US 3486043 A
Description (OCR text may contain errors)
HIGH POWER PULSE WIDTH MODULATOR EMPLOYING STEP RECOVERY DIODES 2 Sheets-Sheet l Filed Dec. l2, 1966 ATTORNEY Dec. 23, 1969 P. R. JOHANNEssEN f 3,485,043
HIGH POWER PULSE WIDTH MODULATOR EMPLOYING STEP RECOVERY DIODES Filed Dec. l2, 1966 2 Sheets-Sheet 2 .f s .f .2 af
PAUL R. JOHANNESSEN ATTORNEY United States Patent O 3 486,043 HIGH POWER PULSE WIDTH MGDULATOR EMPLYING STEP RECOVERY DIODES Paul R. .Iohannessem Lexington, Mass., assigner to Sylvania Electric Products Inc., a corporation of Delaware Filed Dec. 12, 1966, Ser. No. 601,100 111t. Cl. H03k 7/ 08 lU.S. Cl. 307-265 6 Claims ABSTRACT F THlE DISCLUSURE A pulse width modulator employing a single power supply and a storage diode having step recovery characteristics. In response to a trigger signal, energy is directed from the power supply through the storage diode to an energy storage means. The charging portion of the circuit is then disconnected, and recombination occurs within the storage diode. At a predetermined time after the start of recombination, the storage diode and the energy storage means are connected in series with a load. At the end of the recombination period, the storage diode changes impedance interrupting the transfer of energy from the storage means to the load. Pulse width modulation is achieved by varying the predetermined time before the load is connected to the storage means via the storage diode.
This invention relates to pulse circuits and in particular to high power pulse modulators which employ storage diodes with step recovery characteristics for pulse shaping and pulse width modulation.
High power pulse modulators used, for example, in radar systems usually employ either line type modulators or the hard tube type. Line type modulators generally employ gas discharge tubes, controlled rectiers or saturable reactors as a switch to discharge a high energy source through a load to thereby generate high power pulses. However, gas discharge tubes or controlled rectiers cannot be turned off while passing forward current, and pulse width modulation is not possible as the total stored energy is discharged into the load. Hard tube modulators, for example a chain of high power vacuum tube amplifiers, can be gated so that only part of the stored energy is discharged into a load to achieve pulse width modulation, but such vacuum tubes are inecient and are physically large and heavy. It would be advantageous to have, and it is an object of this invention to provide, a light weight, highly etlicient circuit for modulating and shaping high power pulses.
This invention makes use of the phenomenon of minority carrier charge in a semiconductor diode whose majority carrier charge distribution generates a retarded eld that tends to contine the minority carriers near the network or delay line, in series with the storage diode.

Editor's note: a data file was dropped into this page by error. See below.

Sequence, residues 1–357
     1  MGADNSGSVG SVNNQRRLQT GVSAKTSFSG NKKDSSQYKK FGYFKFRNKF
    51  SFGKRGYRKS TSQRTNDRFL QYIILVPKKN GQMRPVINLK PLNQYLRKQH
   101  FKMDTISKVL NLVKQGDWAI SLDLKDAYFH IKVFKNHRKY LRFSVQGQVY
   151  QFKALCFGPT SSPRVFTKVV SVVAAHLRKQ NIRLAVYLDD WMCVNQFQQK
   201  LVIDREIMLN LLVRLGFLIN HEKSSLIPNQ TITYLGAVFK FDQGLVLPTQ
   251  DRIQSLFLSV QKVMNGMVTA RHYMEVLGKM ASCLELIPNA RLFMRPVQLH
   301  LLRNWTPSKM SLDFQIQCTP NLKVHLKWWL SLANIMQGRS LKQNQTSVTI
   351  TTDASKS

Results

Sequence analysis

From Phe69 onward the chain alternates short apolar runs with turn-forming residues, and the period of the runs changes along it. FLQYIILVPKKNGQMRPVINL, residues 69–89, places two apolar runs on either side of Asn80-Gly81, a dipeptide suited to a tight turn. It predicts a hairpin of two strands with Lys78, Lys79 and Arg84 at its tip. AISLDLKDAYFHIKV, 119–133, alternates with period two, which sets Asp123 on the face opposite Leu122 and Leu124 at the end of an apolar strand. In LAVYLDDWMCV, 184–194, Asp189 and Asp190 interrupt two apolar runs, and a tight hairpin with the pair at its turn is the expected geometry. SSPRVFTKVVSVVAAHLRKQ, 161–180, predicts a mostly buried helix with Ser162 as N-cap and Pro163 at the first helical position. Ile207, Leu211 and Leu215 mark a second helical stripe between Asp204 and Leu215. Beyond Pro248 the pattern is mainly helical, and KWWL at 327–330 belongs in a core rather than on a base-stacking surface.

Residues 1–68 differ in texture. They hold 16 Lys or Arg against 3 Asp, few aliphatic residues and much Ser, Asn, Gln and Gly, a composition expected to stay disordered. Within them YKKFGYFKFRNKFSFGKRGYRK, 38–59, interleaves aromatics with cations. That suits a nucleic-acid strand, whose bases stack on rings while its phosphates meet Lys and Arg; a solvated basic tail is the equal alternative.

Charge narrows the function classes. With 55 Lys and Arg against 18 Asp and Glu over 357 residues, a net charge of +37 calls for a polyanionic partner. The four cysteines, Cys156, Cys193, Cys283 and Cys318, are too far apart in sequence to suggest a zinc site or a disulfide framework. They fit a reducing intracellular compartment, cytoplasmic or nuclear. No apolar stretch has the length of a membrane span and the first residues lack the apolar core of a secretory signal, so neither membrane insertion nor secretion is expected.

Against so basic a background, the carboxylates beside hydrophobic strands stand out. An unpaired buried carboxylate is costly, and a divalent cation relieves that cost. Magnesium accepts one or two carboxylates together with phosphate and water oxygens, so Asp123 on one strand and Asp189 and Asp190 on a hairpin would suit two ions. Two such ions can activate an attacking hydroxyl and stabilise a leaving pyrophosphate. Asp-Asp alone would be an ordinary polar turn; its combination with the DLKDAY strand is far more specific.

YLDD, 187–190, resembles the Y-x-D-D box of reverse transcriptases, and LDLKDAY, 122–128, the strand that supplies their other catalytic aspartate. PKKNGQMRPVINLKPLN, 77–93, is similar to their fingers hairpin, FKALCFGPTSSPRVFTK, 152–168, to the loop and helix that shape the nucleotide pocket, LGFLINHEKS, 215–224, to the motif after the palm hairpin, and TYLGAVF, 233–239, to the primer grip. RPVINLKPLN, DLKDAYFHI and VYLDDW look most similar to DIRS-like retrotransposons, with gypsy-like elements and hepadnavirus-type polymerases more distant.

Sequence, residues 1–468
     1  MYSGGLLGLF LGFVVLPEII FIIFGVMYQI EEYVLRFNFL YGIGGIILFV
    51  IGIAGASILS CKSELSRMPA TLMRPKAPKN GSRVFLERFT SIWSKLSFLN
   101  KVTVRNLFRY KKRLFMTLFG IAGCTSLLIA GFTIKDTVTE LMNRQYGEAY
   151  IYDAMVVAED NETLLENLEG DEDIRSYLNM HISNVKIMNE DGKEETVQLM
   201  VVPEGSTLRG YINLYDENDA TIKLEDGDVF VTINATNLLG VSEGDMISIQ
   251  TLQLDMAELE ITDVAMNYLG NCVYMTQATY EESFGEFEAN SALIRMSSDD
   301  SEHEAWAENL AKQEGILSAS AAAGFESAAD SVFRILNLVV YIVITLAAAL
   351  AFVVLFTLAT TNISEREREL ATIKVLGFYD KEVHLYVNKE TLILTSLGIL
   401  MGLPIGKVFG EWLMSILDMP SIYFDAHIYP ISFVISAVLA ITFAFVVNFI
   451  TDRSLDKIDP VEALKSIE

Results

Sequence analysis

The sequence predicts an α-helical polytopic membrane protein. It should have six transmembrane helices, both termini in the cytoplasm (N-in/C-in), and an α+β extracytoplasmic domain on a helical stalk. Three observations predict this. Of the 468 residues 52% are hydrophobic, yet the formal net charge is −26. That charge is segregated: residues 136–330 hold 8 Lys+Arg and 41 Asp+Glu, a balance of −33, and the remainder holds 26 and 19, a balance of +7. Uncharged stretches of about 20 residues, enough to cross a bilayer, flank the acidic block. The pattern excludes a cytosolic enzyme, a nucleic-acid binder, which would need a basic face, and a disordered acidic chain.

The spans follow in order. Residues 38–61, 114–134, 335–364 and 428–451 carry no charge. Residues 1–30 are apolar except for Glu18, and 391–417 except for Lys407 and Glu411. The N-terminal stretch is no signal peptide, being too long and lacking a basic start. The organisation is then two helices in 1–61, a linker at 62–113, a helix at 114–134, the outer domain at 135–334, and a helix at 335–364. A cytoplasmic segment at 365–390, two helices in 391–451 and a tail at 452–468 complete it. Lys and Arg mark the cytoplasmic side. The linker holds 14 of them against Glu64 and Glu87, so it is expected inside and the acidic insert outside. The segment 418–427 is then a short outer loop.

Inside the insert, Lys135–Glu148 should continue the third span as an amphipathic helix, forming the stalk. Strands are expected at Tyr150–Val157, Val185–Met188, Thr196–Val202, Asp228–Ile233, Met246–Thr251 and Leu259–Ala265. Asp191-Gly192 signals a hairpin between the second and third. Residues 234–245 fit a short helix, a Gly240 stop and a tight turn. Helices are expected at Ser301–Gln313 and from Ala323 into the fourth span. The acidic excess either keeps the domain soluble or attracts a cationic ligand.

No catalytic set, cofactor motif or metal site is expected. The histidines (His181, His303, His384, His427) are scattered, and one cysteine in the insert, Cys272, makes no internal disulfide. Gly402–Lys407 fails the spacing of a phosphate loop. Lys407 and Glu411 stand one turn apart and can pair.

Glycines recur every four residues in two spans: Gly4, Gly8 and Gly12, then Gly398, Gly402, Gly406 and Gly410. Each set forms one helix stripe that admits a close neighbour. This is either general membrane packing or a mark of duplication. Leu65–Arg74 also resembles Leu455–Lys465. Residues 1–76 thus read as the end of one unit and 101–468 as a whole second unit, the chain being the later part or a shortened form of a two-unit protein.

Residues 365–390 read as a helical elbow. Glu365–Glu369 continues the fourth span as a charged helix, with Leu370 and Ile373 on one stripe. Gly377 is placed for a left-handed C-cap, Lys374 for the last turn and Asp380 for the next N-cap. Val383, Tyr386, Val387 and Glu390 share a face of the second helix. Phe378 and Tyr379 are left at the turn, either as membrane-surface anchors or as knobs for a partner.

The invention will be more fully described in the following detailed description, taken in conjunction with the drawings in which:
FIG. 1 is a block diagram of a pulse width modulator according to the invention;
FIGS. 2A-2F are timing diagrams useful in explaining the operation of FIG. 1; and
FIG. 3 is a schematic diagram of a pulse width modulator according to the invention.
The circuit concept of the invention is shown in FIG. 1 and comprises a trigger source 10, which initiates a charging cycle whereby a charging circuit 14 takes energy from a DC power source 12 and passes it through a storage diode 18 to an energy storage unit 20. Charging circuit 14 is then disconnected and recombination occurs within the storage diode 18. At a specified time after the start Mice of recombination, a delay control signal from source 24 closes a delay switch 22, connecting the serial combination of the storage diode 18 and energy storage unit 20 in series with a load 26 to generate the leading edge of the output pulse. At the end of the recombination period, storage diode 18 rapidly changes impedance interrupting the transfer of energy between the energy storage unit 20 and the load 26 thereby generating the trailing edge of the output pulse. Pulse width modulation is achieved by varying the time at which delay switch 22 is closed.
One circuit embodiment of the block diagram of FIG. 1 is shown in FIG. 3. The charging circuit 14 includes a DC power source 12, a controlled rectifier 30 in series with a pair of saturable reactors 34 and 36, and a capacitor 32 connected between the common junction of the reactors and the negative terminal of source 12. The charging circuit 14 employs resonance charging and magnetic pulse compression. Reactors 34 and 36 are initially biased, respectively, in their saturated and unsaturated state via respective bias windings 35 and 37 which are connected to a suitable bias source (not shown). Storage diode 18 is connected in series with a pulse forming network (PFN) 38 between one terminal of reactor 36 and the negative line of power source 12. The pulse width modulating circuitry 42 includes a reactor 40 connected between the anode of diode 18 and load 16, with the bias supply 41 connected to delay control source 24. Any charge remaining in storage unit 20 is returned to charging circuit 14 by activating a switch 16 after the recombination period has ended.
The operating sequence of the circuit of FIG. 1 is best explained with reference to the timing diagram of FIGS. 2A-2F. To represents the time current starts flowing from charging circuit 14 to energy storage unit 20. FIG. 2A depicts the charging circuit current and FIG. 2B depicts the resulting voltage across the storage element. At time T1, charging circuit 14 is disconnected from the storage diode and recombination occurs in the diode junction as shown in FIG. 2C. At time T2, delay switch 22 is closed, connecting the energy storage unit to the load 26 through diode 18. FIG. 2E shows the output pulse at the load 26. At time T3, the storage diode 18 recovers and thus terminates the output pulse. At T4, switch 16 is closed, returning the remaining charge in the energy storage unit to charging circuit 14 to be used in the next charging cycle. The eiciency of the circuit is enhanced by using this remanent charge for the generation of the next pulse.